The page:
North Korean soldiers march at a parade in Pyongyang. (AP)
Seoul, July 16: Keeping track of women’s hemlines is, admittedly, an unusual way to judge the mind-set of a country’s leader.
But that is just what veteran North Korea watchers have resorted to in trying to peer into one of the world’s most isolated countries and divine what its new young leader, Kim Jong-un, is thinking.
For weeks now, those analysts have puzzled over photos of women sporting miniskirts and heels in downtown Pyongyang, a stunning change from the years when western wear was mostly shunned in favour of billowy traditional dresses or drab Mao-style work uniforms.
Then, Kim himself was shown on state TV giving a thumbs up to a girl band featuring leggy string players performing for him and his generals, and the debate over deeper meaning began in earnest.
In a political system that tightly choreographs its messages, could short skirts — along with the appearance of Mickey Mouse and a film clip of Sylvester Stallone as Rocky Balboa at the same concert — indicate some rethinking of the North’s attitudes towards the West? Or was the fashion statement decidedly less weighty: perhaps another short-lived attempt to divert the attention of an unhappy populace?
Koh Yu-hwan, a North Korea expert at Dongguk University in Seoul, counts himself in the hopeful camp. He calls recent changes in the North “a glasnost”, a shift he said was supported by a new generation of Communist Party members, mostly the old elite’s children who, like Kim, have travelled abroad and may envision Chinese-style economic reforms.
On the other side are analysts like Lee Sung-yoon, a North Korea specialist at the Fletcher School of Tufts University in Boston, who says any belief in real change based on Kim’s education in Switzerland as a teenager is wishful thinking.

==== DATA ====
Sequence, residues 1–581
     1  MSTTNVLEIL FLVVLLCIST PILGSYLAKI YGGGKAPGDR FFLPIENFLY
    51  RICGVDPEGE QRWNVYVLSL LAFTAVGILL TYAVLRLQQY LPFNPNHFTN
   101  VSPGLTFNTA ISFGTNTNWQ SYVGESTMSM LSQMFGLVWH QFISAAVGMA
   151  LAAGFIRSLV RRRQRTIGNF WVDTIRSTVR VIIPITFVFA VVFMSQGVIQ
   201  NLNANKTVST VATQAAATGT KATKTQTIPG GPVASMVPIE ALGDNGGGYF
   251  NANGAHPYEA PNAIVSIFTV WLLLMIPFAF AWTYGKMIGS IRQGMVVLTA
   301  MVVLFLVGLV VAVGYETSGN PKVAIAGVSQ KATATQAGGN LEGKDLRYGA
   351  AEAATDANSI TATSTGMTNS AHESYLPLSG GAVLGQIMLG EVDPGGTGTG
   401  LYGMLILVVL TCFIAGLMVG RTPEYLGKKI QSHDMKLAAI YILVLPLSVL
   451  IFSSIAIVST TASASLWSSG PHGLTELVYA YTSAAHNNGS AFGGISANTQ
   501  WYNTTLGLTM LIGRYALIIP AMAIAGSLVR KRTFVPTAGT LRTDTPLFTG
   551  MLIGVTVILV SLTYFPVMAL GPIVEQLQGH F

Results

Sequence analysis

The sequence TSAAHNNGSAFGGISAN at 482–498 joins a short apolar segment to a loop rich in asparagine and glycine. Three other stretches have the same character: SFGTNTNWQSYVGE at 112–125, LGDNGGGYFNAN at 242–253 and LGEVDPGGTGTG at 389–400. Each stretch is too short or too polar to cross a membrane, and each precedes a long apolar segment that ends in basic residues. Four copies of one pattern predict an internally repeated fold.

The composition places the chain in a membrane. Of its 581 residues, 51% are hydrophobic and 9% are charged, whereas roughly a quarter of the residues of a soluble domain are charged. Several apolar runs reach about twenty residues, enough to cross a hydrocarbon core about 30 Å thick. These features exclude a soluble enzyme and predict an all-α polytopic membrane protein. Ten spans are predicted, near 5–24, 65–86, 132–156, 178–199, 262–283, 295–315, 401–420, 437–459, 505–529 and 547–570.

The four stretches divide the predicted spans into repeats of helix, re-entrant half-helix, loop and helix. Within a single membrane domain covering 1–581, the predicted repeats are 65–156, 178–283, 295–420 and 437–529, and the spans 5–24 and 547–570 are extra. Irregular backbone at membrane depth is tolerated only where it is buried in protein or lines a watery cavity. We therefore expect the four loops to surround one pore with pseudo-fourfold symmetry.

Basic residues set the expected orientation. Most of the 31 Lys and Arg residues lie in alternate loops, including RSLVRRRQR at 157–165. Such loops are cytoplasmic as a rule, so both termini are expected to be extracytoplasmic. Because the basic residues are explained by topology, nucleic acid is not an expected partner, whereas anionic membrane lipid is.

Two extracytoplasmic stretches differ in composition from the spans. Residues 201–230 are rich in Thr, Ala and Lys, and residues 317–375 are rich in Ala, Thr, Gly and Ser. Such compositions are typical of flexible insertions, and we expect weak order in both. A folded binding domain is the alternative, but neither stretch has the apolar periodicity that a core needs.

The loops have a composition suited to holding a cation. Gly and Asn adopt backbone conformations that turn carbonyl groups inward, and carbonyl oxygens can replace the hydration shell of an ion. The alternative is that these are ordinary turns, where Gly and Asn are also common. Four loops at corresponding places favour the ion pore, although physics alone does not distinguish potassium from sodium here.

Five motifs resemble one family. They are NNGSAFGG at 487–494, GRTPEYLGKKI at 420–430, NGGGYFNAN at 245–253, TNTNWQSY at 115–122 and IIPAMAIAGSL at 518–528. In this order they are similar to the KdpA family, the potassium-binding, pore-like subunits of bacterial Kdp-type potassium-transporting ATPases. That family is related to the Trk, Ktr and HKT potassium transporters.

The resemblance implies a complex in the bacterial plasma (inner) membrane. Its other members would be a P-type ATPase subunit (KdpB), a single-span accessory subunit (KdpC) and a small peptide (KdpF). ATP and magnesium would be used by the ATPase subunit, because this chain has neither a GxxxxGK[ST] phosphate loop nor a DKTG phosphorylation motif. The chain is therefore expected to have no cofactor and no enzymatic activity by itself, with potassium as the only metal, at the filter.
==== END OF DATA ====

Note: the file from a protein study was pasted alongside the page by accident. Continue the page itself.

“If exposure to European cosmopolitanism were a cure for totalitarianism, one wonders how Pol Pot, who spent four years in Paris in his mid-20s, missed out on the transformative experience,” he said, referring to the murderous former dictator of Cambodia.
North Korea analysts can hardly be blamed for trying to cobble together whatever scraps of information they can find. The world knows precious little about Kim, including exactly how old he is (the best guess is in his 20s) and whether he is married. But figuring out what he might be thinking is critical to determining how much of a threat he, and the nuclear programme he inherited, poses to his neighbours, and North Korea’s enemies in the West.
So far, the puzzle pieces leave little doubt that Kim is trying to forge a very different leadership style than his father, Kim Jong-il, whose countenance was dour enough to merit ribbing by the creators of South Park. The son, by comparison, appears to be more approachable (photos show him hooking arms with factory workers and soldiers); less threatened by foreign cultures and apparently more willing to admit failure (he told the nation of a botched rocket launch in April).